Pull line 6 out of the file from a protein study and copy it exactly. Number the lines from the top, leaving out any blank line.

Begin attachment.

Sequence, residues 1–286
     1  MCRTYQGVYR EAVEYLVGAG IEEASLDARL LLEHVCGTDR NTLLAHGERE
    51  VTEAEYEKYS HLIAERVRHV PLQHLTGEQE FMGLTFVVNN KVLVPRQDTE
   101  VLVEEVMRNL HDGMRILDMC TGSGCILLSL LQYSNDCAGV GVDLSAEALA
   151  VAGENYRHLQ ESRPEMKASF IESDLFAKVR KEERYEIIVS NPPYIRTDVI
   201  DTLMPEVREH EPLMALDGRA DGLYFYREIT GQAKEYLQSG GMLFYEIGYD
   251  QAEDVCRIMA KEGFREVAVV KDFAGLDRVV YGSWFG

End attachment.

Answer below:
   201  DTLMPEVREH EPLMALDGRA DGLYFYREIT GQAKEYLQSG GMLFYEIGYD